One reason why greater transparency is absolutely necessary is that this audit process may be being carried out by entities and/or individuals responsible for the circumstances that led to Mr Chambers’ incarceration and death.

More information is necessary, Minister Chang.

We need to remember that it wasn’t the Ministry of National Security that brought Mr Chambers’ death to public attention. Without INDECOM’s report, we would not have known.

 

 

 

 


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.#AToZChallengeJamaica: I is for Indignity

I had all sorts of things in mind for my “I” post: iguana, INDECOM, IMF, Integrity Commission, even ice cream (as in Devon House). And then on Wednesday (June 7) I read the following letter in the Gleaner:

Gleaner 7-6-16 Letter of Day heading

Gleaner 7-6-16 Letter of Day text

Indignity. Prison visitors treated with indignity. Treated in a contemptuous, insulting, humiliating manner.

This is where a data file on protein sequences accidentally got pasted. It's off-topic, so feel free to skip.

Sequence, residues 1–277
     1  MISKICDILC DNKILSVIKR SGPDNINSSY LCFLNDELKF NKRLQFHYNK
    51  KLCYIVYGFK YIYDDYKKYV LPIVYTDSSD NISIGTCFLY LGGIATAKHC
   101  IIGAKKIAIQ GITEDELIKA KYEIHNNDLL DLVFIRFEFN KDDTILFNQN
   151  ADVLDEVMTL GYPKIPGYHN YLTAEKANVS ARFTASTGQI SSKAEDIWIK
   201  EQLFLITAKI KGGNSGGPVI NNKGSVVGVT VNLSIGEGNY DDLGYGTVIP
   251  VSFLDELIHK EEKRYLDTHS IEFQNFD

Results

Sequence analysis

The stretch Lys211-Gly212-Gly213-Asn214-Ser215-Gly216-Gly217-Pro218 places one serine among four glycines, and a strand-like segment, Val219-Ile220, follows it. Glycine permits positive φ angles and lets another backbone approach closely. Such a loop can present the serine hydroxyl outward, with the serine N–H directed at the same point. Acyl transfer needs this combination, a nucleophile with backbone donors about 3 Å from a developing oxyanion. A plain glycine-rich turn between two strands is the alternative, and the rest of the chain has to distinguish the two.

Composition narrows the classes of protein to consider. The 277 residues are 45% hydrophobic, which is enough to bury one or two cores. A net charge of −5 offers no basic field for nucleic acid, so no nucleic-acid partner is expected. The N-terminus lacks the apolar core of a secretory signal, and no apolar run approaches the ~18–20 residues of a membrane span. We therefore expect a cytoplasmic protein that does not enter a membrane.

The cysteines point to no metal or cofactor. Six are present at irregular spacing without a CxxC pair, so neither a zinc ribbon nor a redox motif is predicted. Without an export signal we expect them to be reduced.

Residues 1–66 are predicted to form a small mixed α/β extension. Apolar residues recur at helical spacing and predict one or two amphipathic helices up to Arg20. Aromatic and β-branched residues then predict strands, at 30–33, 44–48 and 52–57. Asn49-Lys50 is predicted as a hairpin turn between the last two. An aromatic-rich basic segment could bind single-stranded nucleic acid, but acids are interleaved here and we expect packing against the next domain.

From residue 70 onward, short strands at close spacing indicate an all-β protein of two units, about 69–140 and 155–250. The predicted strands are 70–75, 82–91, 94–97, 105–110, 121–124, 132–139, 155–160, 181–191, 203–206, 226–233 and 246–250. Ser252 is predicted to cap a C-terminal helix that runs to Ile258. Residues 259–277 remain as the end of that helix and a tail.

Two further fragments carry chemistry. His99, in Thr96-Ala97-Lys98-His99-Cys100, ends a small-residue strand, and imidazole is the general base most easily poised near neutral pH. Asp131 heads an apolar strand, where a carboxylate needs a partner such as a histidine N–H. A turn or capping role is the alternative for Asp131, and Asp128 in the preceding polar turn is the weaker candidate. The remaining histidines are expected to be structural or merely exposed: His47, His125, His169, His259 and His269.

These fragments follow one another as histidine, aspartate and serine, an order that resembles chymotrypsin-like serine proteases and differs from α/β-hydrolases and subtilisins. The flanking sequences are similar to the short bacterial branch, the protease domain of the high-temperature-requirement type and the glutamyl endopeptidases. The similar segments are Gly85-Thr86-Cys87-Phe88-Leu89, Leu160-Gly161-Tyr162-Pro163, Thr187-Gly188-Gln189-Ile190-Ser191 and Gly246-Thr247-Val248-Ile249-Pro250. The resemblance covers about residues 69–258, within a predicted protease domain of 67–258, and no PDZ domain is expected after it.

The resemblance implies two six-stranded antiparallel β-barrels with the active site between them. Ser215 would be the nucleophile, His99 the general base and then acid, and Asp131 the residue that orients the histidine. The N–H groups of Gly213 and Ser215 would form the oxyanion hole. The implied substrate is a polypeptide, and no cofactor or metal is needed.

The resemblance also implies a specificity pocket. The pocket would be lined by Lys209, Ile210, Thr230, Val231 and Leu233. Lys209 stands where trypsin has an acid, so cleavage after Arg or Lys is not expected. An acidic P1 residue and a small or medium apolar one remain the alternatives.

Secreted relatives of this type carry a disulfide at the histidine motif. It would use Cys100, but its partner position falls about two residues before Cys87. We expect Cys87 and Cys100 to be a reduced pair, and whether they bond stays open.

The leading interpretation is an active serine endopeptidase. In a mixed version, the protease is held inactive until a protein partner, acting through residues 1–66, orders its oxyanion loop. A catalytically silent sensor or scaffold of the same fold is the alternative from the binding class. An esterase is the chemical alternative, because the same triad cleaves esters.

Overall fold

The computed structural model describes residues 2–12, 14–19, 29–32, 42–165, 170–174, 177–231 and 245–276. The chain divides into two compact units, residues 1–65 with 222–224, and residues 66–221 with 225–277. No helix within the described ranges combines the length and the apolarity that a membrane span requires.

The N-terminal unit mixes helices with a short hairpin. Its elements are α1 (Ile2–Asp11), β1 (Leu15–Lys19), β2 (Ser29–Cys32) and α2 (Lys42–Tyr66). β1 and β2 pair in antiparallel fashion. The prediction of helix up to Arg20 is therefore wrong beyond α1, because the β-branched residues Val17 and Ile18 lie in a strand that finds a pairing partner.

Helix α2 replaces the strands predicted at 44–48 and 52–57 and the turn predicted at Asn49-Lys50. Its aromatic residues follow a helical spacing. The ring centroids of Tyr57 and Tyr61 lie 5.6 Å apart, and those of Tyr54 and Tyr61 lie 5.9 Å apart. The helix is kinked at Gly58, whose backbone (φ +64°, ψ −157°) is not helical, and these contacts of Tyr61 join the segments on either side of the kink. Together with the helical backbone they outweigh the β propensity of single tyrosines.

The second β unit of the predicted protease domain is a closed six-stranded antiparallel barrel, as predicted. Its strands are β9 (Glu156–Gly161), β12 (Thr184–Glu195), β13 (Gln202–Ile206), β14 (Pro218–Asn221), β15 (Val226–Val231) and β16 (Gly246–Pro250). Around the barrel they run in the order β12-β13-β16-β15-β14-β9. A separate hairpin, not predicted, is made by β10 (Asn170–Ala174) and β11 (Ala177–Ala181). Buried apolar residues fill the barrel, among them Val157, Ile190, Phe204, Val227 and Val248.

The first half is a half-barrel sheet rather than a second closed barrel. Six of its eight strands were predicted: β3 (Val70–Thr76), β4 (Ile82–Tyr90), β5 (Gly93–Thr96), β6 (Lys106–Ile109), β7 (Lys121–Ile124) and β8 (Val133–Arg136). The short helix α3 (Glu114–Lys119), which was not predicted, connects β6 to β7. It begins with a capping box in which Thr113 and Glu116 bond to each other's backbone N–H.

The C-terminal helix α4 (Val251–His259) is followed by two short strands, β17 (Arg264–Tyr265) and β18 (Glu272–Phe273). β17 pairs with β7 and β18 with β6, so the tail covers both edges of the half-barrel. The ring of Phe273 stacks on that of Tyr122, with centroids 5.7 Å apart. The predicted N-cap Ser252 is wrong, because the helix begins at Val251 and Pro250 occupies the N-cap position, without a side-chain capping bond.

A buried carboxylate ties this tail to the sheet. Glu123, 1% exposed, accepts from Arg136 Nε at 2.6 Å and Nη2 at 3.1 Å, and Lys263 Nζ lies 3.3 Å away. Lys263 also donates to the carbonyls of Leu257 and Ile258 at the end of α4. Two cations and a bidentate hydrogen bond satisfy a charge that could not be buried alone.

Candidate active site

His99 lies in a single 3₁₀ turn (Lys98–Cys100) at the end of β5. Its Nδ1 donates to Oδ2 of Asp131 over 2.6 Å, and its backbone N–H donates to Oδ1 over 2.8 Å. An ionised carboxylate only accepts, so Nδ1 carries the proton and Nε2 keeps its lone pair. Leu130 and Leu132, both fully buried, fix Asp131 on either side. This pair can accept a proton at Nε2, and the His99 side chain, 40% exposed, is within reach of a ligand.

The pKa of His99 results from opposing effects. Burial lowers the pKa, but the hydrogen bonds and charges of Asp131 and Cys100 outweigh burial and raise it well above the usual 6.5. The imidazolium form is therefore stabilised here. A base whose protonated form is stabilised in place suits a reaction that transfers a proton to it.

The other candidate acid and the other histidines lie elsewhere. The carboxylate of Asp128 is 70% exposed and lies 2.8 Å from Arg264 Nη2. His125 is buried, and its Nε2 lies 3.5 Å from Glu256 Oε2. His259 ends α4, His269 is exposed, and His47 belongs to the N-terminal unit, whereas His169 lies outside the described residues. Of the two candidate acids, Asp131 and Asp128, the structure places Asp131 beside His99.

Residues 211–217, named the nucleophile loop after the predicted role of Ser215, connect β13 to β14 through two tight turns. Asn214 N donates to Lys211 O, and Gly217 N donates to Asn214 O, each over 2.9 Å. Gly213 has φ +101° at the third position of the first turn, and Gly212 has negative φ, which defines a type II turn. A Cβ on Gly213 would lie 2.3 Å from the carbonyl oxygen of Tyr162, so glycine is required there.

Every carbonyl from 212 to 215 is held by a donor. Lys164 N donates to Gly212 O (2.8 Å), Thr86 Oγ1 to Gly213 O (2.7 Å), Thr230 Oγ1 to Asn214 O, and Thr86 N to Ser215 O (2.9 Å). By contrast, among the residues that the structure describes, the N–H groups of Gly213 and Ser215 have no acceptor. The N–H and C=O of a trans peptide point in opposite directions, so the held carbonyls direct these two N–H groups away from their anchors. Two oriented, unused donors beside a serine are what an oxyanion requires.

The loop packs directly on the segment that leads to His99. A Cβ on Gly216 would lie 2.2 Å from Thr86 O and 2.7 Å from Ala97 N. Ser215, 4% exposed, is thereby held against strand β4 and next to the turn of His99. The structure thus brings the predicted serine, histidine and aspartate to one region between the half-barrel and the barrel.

Tower Street Correctional Centre

Tower Street Adult Correctional Centre, Kingston

 

This is not an isolated experience or complaint, and it isn’t to say that all staff within corrections and remand treat visitors contemptuously. But it is to say that there is a systemic problem which often makes it difficult for family members to maintain meaningful contact with a relative who has been incarcerated, though undeniably such contact can be vital to the prisoner, the family, a process of rehabilitation and eventual reintegration into society.

One comment following the letter online points to a similar situation experienced at Fort Augusta, the women’s prison, and mentions a lack of shelter for visitors waiting to go inside, a problem that exists at a number of facilities.

Gleaner 7-6-16 letter comment

I know one facility at which the absence of a shelter for visitors is a real concern for the staff, who have asked for such a structure to be built, even a temporary one. I guess, though, that this is very low on any list of priorities.

Fort Augusta Adult Correctional Centre

Fort Augusta Adult Correctional Centre, St Catherine

The Core Values of the Department of Correctional Services are posted on its website. Among those values is respect. Systemic focus on respect reduces indignity.

DCS mission statement etc